The FR bodystyling puts effective visual icing on the cake of what’s widely recognised as one of the crossover class’s more handsome constituents.
Those parts of the Ateca’s body made up of grey plastic – the lower front and rear bumpers, lower sills and wheel arch extensions – all become body-coloured parts here, making for a particularly telling improvement to the looks of light-coloured cars like our test example. You get a slightly larger roof spoiler, too, as well as chrome-tipped twin exhaust pipes – both are discretely eye-catching touches.
The Ateca’s interior, too, continues to look and feel like it’s worthy of a class-leading car. The driving environment offers a comfy, supportive seat in front of well-placed controls and the dashboard is appealingly presented and finished, with clutter kept to a minimum. Second-row space is better than in most crossover hatchbacks that might challenge the Ateca on visual allure; however, it’s worth noting that, as is commonly the case, anyone who’s likely to carry adults in the back regularly should avoid the optional panoramic sunroof, which robs a bit of head room.
Boot space is a generous 485 litres, although this is slightly less than front-driven Atecas, which get a double-level boot floor.
When we road-tested the identically engined T-Roc recently, we were struck by the flexibility, refinement and outright performance of this unit; and, by and large, the Ateca presses all the same buttons. It’s quiet, smooth and has great driveability at low revs and town speeds, with strong punch delivered smartly when you dig into the accelerator and lasting smoothness and forcefulness as the revs rise.
This is certainly the kind of engine you’d want a sporting crossover to have and it’s a cut above the smaller-capacity turbos that certain rivals use.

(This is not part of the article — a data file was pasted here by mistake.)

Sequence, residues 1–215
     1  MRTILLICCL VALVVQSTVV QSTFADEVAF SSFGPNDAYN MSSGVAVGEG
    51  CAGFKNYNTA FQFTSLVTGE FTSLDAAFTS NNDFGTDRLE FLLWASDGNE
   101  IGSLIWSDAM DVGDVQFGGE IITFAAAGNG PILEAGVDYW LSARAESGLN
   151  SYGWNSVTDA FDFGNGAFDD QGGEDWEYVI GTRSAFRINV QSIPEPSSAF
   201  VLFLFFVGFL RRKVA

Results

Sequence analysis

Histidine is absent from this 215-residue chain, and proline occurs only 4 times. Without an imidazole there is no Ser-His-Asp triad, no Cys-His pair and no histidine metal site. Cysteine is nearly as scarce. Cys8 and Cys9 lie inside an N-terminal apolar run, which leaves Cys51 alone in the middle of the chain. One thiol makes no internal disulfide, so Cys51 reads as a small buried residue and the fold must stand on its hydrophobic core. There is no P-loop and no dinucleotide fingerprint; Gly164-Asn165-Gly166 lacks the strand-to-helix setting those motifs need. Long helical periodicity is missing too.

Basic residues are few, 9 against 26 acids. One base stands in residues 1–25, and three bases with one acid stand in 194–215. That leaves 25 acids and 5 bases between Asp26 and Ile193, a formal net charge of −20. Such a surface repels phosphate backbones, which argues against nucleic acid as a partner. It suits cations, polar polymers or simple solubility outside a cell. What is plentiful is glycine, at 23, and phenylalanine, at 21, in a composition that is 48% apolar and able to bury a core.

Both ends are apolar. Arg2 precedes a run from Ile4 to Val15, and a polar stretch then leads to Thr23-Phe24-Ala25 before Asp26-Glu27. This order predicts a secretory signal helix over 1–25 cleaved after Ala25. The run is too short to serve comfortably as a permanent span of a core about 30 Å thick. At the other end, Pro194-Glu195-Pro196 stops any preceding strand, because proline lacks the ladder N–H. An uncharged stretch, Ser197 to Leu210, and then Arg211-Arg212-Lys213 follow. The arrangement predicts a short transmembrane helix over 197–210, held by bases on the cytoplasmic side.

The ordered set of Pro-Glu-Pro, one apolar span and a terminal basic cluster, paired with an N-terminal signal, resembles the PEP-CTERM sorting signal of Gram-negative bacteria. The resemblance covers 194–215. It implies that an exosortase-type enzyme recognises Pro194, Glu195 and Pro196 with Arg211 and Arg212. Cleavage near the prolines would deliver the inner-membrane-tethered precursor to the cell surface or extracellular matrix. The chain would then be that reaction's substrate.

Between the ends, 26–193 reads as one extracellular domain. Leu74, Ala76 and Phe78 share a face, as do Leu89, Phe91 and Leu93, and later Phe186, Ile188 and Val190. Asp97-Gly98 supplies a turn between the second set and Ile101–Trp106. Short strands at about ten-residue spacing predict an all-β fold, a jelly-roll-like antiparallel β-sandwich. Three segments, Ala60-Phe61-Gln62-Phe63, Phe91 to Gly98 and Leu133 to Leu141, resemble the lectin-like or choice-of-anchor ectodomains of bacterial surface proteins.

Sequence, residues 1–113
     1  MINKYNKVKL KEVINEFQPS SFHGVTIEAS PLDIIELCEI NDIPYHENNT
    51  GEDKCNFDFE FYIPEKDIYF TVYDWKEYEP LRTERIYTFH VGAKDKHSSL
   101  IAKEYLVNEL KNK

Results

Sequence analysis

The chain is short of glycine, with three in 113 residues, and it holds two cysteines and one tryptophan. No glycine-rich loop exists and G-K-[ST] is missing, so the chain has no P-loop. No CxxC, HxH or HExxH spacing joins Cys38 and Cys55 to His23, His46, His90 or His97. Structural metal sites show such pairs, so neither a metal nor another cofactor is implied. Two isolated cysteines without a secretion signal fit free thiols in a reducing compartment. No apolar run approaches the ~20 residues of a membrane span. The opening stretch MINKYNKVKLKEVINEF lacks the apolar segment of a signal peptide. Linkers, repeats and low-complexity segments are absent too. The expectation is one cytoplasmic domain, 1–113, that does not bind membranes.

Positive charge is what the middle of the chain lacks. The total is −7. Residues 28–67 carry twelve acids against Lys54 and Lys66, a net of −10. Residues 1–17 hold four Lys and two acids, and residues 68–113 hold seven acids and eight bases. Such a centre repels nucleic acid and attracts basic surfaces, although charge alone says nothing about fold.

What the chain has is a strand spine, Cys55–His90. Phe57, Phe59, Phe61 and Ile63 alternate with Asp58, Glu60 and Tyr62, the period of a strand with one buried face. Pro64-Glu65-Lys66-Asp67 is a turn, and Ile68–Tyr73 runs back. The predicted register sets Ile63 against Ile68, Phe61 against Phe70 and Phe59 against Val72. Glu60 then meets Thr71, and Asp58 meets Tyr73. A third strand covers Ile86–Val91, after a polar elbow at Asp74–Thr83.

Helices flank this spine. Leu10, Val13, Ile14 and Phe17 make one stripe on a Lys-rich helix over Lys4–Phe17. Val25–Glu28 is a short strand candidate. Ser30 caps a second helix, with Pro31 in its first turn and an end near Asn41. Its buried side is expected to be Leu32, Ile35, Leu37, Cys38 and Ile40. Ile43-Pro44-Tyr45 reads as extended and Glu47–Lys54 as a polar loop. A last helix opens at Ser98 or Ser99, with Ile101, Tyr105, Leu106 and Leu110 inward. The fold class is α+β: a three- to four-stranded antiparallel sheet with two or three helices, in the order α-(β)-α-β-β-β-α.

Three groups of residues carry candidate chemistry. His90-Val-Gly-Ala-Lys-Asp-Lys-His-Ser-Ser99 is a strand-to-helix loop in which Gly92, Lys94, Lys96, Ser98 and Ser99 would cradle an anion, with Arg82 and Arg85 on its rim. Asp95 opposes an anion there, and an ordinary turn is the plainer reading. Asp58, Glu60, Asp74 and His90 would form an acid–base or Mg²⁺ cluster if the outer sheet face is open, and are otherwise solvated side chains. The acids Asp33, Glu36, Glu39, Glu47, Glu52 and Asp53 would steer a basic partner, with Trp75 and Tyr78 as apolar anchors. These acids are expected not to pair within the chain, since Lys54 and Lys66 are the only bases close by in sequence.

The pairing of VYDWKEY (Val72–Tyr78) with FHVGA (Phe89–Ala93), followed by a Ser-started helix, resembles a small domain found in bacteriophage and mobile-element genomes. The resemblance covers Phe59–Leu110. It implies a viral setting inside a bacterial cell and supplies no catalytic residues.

There are times, however, that the Ateca’s four-wheel drive, twin-clutch transmission hardware seems less slick than in the related T-Roc. Hurried ‘kickdown’ downshifts from that seven-speed gearbox come with more of a thump in the Ateca than in its VW sibling, for example.
The Ateca’s ride and handling echo the same trend. Given the car’s wider record on relative handling dynamism and driver engagement, you expect plenty in these respects. But while it has plenty of lateral grip and tidy, agile handling in outright terms, the Ateca FR requires greater compromises be made for those things than some of its rivals do.
Rolling on optional 19in wheels and without Seat’s Dynamic Chassis Control adaptive dampers, our test car was unlikely to have represented the Ateca at its most dynamically rounded. But it definitely had coarser refinement – it’s noisy over rough surfaces and crashes over sharper edges – than the average crossover driver would expect.
The slightly light, remote and over-assisted feel of the power steering is, likewise, a touch disappointing. The Ateca FR uses the passive variable-ratio steering ‘box seen in other VW Group performance models, but struggles to deliver decent on-centre stability, making it hard to stay centred in your lane at higher speeds. It also operates with uniformity of weight off-centre, even as the rack is picking up pace – this can make the added bite of the steering come as a surprise at times.